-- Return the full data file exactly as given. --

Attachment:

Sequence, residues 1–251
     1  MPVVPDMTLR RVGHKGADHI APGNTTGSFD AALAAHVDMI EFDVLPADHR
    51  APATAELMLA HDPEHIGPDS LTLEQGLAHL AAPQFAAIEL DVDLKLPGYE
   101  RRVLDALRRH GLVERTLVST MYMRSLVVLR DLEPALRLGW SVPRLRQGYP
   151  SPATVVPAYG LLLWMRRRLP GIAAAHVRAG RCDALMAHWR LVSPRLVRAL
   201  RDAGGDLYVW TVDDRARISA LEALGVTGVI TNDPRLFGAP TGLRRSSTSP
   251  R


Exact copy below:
Sequence, residues 1–251
     1  MPVVPDMTLR RVGHKGADHI APGNTTGSFD AALAAHVDMI EFDVLPADHR
    51  APATAELMLA HDPEHIGPDS LTLEQGLAHL AAPQFAAIEL DVDLKLPGYE
   101  RRVLDALRRH GLVERTLVST MYMRSLVVLR DLEPALRLGW SVPRLRQGYP
   151  SPATVVPAYG LLLWMRRRLP GIAAAHVRAG RCDALMAHWR LVSPRLVRAL
   201  RDAGGDLYVW TVDDRARISA LEALGVTGVI TNDPRLFGAP TGLRRSSTSP
   251  R